Daily Development for Friday, October 7, 2005
by: Patrick A. Randolph, Jr.
Elmer F. Pierson Professor of Law
UMKC School of Law
Of Counsel: Blackwell Sanders Peper Martin
Kansas City, Missouri

BANKRUPTCY; LANDLORD/TENANT; DAMAGES CAP; LETTERS OF CREDIT: Ninth Circuit affirms rule of Mayan, a landlord’s application of letter of credit as security deposit is taken into account in computing bankruptcy cap on landlord’s damages under 502(b)(6).

AMB Prop., L.P. v Official Creditors for the Estate of AB Liquidating Corp.(In re AB Liquidating Corp.) 416 F3d 961(9th Cir 2005)

In In re Mayan Networks Corp.  (Redback Networks, Inc. v. Mayan Networks Corp.,206 B.R. 299 (9th Cir. BAP 2004) (the DIRT DD for 2/26/04) a Bankruptcy Appeals panel in the Ninth Circuit pronounced what has become accepted as “established wisdom” concerning the relationship between security deposits in the form of letters of credit and the bankruptcy cap on landlord’s damage claims articulated in Bankruptcy Code section 502(b)(6).  Mayan put the skids to the rosy suggestions of many landlord’s lawyers that the “independence principle”  - the notion that letters of credit stand by themselves as independent obligations of the issuing bank - would insulate letter of credit security deposits from the limits of the cap.  Although, indeed, the bank is obligated to pay on the letter promptly, the court noted, this is as far as the “independence principle” takes us.  If the bank has a right of recourse against the tenant or the tenant’s assets, then in essence the obligation remains !

 an obl
igation of the tenant and the tenant deserves the protection of the “cap.”

The court went on to assert that if, in fact, the issuing lender has no recourse against the tenant or the tenant’s assets, and the bank has issued the letter pursuant to the guaranty or security provided by some third party, then the letter of credit proceeds would not reduce the amount of damages that the landlord could pursue directly from the tenant.  The limit is not on the amount of damages  that the landlord can recover, the court said, but rather than the amount to which the tenant can be exposed.  Of course, this statement was dicta in Mayan, where there was specific tenant security pledged for the letter of credit.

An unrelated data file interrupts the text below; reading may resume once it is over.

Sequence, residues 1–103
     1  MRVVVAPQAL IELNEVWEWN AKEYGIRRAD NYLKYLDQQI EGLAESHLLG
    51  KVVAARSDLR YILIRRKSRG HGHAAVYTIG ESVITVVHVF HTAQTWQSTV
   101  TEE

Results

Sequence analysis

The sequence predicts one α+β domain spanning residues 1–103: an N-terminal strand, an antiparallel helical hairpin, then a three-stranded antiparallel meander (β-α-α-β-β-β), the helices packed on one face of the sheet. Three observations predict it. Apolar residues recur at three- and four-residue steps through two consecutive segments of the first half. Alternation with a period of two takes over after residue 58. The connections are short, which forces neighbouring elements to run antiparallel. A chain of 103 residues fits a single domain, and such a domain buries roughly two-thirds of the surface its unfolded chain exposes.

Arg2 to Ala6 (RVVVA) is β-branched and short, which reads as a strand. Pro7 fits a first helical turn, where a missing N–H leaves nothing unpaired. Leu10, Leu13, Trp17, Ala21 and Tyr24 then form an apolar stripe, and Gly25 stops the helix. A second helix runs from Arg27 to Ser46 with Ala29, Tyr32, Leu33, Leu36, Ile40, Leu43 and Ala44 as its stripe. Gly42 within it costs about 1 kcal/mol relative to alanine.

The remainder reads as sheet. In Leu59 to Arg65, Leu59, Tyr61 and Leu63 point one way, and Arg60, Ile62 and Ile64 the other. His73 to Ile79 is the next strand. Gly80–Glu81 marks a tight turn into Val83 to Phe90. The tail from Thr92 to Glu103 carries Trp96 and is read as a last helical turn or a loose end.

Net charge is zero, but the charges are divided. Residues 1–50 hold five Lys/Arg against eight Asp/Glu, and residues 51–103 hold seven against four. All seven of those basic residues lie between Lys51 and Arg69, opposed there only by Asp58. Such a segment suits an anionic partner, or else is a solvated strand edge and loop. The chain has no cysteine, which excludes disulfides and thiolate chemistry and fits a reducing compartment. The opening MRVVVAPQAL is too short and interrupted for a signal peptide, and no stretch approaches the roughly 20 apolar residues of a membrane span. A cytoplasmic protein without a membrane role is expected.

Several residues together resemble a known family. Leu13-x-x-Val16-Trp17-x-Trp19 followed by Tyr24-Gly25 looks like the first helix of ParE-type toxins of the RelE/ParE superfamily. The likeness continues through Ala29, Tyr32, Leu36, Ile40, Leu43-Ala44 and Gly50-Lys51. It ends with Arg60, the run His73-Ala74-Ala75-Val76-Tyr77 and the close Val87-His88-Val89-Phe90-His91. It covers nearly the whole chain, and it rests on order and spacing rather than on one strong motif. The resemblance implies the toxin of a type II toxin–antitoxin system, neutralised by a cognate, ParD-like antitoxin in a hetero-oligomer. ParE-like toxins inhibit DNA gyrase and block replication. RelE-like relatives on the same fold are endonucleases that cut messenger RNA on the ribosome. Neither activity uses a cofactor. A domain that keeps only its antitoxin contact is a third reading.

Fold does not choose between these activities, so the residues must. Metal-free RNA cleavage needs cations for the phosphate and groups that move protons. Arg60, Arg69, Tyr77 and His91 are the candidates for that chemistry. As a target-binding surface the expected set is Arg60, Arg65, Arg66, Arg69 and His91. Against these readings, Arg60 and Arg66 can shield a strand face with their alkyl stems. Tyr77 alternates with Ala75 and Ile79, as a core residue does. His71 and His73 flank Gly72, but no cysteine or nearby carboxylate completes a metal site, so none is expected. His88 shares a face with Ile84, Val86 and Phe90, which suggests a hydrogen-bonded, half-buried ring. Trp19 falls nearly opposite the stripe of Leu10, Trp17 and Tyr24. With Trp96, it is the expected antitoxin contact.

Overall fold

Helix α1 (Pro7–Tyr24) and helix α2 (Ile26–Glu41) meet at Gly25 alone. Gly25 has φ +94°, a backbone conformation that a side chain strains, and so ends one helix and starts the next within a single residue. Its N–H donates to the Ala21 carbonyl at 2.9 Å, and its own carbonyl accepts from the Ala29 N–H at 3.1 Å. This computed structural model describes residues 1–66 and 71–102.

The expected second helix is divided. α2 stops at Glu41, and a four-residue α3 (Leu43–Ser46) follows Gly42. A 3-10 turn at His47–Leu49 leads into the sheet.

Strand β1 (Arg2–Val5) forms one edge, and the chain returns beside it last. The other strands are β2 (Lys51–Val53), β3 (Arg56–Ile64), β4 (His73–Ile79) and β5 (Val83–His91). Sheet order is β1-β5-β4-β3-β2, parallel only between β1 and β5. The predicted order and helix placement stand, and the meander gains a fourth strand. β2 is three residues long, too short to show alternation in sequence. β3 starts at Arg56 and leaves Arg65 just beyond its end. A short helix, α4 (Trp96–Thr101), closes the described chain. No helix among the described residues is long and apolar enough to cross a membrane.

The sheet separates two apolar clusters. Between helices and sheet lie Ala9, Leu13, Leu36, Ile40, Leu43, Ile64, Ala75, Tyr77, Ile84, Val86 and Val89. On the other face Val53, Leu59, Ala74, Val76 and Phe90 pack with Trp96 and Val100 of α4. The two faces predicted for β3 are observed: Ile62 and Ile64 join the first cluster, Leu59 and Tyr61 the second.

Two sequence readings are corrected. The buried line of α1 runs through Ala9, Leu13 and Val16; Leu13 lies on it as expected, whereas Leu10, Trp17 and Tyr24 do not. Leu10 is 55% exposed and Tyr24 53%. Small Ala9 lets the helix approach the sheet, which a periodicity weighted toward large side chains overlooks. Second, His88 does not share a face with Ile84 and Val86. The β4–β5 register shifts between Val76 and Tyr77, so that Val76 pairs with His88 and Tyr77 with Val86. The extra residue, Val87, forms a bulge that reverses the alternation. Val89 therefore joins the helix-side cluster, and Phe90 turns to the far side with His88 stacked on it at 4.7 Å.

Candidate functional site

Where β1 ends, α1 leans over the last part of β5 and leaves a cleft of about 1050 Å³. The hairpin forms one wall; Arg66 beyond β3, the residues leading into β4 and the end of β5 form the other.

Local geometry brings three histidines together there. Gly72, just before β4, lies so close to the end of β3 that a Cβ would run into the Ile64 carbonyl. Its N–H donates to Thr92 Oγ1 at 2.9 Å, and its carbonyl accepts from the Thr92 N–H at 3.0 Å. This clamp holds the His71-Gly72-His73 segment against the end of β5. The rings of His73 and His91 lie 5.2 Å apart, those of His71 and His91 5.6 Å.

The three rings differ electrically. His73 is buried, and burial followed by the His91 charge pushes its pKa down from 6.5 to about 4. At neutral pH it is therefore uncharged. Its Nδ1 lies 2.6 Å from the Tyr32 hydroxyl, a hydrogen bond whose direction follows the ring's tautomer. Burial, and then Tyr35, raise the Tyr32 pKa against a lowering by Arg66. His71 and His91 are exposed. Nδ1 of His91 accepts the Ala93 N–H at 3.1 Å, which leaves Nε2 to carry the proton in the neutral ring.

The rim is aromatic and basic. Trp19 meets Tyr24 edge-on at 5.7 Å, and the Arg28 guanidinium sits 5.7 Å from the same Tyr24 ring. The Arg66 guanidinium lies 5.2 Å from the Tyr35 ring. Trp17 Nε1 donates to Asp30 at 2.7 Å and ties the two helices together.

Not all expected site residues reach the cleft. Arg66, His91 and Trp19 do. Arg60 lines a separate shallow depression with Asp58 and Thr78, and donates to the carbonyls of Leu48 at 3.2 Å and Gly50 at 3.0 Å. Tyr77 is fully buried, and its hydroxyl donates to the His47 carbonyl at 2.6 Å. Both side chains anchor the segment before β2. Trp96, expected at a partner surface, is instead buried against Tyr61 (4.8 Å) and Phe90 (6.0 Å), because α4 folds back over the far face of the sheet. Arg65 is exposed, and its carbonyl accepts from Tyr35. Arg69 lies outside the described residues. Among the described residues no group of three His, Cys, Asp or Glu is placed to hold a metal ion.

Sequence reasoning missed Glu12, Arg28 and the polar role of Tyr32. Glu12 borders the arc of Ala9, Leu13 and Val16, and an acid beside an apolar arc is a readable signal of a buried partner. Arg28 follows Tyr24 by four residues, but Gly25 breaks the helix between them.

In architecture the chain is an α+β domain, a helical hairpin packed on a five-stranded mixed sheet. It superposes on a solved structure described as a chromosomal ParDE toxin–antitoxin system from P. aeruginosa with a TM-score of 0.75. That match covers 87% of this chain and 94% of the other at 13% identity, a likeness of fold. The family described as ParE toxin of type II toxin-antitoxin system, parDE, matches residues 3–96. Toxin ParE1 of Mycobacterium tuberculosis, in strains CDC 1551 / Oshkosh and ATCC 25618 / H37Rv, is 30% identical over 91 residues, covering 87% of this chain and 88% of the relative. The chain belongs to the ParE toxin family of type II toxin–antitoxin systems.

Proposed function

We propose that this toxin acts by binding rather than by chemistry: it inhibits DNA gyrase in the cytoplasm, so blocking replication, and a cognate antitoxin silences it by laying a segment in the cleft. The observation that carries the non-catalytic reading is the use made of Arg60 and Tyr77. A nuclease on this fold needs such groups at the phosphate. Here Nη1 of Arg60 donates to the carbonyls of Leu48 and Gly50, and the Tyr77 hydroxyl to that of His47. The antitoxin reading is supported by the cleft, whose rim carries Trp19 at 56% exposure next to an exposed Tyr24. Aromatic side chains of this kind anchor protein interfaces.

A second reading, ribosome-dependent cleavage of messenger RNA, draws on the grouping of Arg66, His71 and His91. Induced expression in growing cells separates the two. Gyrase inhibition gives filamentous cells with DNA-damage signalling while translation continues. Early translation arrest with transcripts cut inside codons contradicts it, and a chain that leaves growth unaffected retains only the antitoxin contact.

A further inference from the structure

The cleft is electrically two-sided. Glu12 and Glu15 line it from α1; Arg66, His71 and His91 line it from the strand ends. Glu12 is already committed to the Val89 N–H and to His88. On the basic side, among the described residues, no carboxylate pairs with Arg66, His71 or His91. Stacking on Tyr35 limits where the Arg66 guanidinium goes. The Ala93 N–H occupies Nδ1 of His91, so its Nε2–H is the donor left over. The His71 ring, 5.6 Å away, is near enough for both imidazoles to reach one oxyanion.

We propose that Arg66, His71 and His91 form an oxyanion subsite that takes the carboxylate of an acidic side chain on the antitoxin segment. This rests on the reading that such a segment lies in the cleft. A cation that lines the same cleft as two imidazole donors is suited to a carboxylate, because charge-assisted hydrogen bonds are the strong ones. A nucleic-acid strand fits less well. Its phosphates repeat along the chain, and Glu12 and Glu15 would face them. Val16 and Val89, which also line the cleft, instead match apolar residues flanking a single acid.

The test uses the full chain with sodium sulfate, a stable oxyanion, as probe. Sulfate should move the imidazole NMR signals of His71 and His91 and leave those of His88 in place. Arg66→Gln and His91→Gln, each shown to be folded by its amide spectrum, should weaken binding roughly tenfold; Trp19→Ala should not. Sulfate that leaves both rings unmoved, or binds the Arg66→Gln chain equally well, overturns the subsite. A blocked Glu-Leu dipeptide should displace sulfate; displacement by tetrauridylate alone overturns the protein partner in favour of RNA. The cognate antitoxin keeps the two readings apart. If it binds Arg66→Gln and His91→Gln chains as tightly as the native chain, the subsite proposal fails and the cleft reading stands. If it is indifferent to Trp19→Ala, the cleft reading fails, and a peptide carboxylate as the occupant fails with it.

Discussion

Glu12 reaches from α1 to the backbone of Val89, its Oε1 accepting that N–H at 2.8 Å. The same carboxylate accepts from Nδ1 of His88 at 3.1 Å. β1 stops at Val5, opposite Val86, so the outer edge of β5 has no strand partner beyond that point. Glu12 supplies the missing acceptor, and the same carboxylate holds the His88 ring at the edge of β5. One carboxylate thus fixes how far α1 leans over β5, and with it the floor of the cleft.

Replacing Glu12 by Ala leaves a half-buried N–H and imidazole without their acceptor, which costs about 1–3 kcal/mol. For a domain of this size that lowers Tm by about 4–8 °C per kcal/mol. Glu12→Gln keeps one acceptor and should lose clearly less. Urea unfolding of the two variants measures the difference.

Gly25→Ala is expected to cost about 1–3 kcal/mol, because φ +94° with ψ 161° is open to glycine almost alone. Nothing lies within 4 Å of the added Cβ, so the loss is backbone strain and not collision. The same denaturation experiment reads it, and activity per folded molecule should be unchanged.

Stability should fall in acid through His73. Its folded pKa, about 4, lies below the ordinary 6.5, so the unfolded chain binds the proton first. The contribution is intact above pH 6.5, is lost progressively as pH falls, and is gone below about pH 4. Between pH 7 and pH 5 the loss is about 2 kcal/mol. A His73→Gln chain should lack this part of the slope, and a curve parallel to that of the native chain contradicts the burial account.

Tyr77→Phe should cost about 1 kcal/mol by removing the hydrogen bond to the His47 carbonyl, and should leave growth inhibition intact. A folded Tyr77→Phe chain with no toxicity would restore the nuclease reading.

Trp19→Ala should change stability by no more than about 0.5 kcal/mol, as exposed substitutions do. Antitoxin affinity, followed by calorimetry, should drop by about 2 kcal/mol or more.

Many lawyers have been convinced by the logic of the Mayan decision and have concluded that is probably the way that the issue should come out, so Mayan has influenced thinking well beyond the Ninth Circuit.  But it was still only a BAP decision.  Now we have a Ninth Circuit Court of Appeals decision that upholds Mayan against a specific attack against it and the earlier authority that supports it. 

In the instant case, the landlord had a $5 million damages claim.  The bankruptcy cap limited the landlord's allowed claim to $2 million.  Further,  the $1 million security deposit the landlord held was not applied just against landlord’s gross $5 million claim (reducing it to $4 million), but was applied against the $2 million capped claim.

Thus, landlord’s remaining allowed claim was only $1 million. Landlord could keep the security deposit, but the allowed remaining claim was only $1 million beyond that.